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Posted by on in SageWoman Blogs
Revenge of the Druids

Treat others as you would like to be treated. Such a simple phrase, yet so hard to comply with when we've been hurt or wounded in any way. Our first reaction is to hurt back, to wound in return. Yet is this how we would like to be treated? What if the person who hurt you didn't even know that they had? What if it was completely intentional? Is it then justifiable to perpetuate the cycle of hurt? How do we, as Druids, work with anger and wounding in today's society? How do we work with honour?

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  • Joanna van der Hoeven
    Joanna van der Hoeven says #
    Intentional action, as opposed to reaction
  • Ted Czukor
    Ted Czukor says #
    This is so well written, Joanna. I have a similar approach to responding to personal injustice; I ask myself, "What is the right
Claremont Pagan Studies Conference - III (2016)

This year's theme was Social Justice.

Sunday, January 25

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  • Lisa Allen
    Lisa Allen says #
    I will be attending the 2017 conference, can't wait to meet all of you! http://PaganConference.com for details :-)

Note: I'll be back to the Hero's Journey next time, but this topic came up on the Facebook "Magickal Community and Education" group (https://www.facebook.com/groups/MagickalCommunityEducation/). Rather than simply posting my thoughts there, I thought they'd make a decent blog post. I look forward to everyone's thoughts.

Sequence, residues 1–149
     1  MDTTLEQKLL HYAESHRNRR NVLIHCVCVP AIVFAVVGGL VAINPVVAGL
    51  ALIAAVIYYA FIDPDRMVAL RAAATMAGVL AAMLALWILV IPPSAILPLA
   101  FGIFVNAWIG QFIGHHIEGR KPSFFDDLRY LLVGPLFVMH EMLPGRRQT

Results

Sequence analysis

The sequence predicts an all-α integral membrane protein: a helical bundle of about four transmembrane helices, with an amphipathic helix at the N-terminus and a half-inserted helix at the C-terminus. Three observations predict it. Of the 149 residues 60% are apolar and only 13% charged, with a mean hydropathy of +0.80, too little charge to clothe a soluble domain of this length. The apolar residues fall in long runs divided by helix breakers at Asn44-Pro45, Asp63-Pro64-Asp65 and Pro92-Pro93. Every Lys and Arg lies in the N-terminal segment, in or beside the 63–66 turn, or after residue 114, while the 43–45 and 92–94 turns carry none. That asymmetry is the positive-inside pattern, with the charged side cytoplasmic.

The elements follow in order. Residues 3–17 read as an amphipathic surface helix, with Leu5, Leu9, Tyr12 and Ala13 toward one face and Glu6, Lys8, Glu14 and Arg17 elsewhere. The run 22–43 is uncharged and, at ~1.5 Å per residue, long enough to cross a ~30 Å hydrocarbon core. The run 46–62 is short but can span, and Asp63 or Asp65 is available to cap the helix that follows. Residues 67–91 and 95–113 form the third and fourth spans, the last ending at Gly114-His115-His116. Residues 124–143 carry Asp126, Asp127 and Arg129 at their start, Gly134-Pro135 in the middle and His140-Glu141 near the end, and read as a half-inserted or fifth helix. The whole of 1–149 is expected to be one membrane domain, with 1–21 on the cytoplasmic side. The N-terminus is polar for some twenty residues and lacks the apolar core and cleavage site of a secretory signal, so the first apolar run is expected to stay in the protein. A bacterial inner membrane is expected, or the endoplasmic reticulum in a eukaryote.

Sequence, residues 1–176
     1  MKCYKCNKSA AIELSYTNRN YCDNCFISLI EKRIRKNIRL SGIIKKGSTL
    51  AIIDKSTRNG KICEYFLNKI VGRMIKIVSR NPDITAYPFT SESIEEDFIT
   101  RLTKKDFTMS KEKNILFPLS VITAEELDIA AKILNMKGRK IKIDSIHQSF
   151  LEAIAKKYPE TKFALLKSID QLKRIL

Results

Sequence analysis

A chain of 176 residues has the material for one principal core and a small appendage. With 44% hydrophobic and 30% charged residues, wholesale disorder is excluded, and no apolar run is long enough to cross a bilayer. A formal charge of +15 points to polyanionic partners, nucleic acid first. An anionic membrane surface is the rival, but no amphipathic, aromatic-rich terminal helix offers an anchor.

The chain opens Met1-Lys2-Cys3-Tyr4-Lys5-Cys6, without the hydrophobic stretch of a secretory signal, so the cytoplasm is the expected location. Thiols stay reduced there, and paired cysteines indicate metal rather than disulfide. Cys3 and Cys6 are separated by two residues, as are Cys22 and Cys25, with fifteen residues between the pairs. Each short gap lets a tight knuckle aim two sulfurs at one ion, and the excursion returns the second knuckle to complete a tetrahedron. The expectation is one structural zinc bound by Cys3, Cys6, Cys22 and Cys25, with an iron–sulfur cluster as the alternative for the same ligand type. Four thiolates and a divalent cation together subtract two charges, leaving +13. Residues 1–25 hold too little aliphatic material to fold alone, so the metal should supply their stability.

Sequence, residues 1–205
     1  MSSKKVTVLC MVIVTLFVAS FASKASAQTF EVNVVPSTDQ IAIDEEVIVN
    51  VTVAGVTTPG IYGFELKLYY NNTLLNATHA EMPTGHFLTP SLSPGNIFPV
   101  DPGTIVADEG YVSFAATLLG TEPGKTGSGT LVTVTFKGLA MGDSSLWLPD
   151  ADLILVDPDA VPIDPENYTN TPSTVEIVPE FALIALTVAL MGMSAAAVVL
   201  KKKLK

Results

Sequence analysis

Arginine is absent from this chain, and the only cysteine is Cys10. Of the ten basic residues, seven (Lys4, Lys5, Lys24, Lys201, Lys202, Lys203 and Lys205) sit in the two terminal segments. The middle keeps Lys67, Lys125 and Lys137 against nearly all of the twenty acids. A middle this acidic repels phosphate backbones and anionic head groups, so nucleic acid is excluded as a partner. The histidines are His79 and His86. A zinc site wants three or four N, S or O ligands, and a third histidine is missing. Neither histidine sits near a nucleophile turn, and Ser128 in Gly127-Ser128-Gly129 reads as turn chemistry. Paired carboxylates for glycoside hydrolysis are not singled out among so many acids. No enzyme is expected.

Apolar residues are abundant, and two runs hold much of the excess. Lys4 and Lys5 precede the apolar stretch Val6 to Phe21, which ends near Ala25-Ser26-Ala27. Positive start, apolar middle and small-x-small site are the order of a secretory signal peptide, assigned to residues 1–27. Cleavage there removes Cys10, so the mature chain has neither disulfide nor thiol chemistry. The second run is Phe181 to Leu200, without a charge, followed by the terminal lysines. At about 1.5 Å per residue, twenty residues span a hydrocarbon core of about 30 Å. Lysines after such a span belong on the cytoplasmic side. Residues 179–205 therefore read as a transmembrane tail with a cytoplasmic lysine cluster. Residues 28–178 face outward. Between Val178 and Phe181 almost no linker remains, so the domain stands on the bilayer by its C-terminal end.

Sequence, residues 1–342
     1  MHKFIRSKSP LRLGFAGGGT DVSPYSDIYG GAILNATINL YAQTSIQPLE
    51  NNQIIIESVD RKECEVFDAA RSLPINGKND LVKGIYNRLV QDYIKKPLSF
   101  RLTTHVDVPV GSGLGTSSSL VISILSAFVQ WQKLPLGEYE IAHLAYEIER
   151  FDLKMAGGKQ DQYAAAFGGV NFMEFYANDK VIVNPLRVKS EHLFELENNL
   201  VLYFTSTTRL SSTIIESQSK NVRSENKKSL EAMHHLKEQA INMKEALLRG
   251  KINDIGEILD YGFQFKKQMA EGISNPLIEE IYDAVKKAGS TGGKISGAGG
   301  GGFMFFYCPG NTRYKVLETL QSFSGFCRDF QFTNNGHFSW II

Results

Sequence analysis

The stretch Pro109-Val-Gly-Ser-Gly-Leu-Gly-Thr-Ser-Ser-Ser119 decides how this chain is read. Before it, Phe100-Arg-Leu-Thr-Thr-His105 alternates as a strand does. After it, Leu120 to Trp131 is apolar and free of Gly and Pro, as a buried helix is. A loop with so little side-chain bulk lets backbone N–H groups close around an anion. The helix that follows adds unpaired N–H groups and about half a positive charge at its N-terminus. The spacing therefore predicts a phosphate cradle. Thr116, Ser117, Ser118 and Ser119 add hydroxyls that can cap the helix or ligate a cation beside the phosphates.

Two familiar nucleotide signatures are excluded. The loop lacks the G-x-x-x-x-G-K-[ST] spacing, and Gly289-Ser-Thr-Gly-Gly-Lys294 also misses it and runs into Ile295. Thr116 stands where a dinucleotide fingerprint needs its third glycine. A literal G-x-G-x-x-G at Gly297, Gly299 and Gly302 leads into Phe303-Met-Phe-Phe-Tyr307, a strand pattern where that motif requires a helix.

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  • Susan “Moonwriter” Pesznecker
    Susan “Moonwriter” Pesznecker says #
    And thank you! I appreciate this-- and I'll modify accordingly.
  • Piper
    Piper says #
    Thank you, This is nicely done and avoids most of the baggage that surrounds this issue, I do have 1 thing to add, your statement
Treat Yourself How You Want Others To Treat You

What if the outside world is just a reflection of what is going on inside you?

Maybe the behaviors you witness and experience that upset you are a message to you about how you are treating yourself.

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  • Niki
    Niki says #
    Love it! Good job on finding the common thread in the elements you listed. And good for you for not trying to take on too much at

I am a Jungian Neo-Pagan, which means that, theologically speaking, I fall somewhere between atheist Pagans and devotional polytheists regarding the existence of the gods.  By placing my beliefs in the "middle" here I do not mean to privilege my beliefs, only to make the point that I both agree and disagree with both groups about different things.  One thing I agree with devotional polytheists about is that the gods should be taken seriously. 

I worry sometimes that we Neo-Pagans don't take our own gods seriously enough.  I disagree with devotional polytheists about the metaphysical nature of the gods, whether they are "real, independent, sentient beings" or real, independent semi-conscious archetypes. (Carl Jung called the archetypes "gods" and compared the psyche to an “Olympus full of deities who want to be propitiated, served, feared and worshipped”.)  But one thing I admire about them is the seriousness (the "piety" if you will) with which they approach the gods.  

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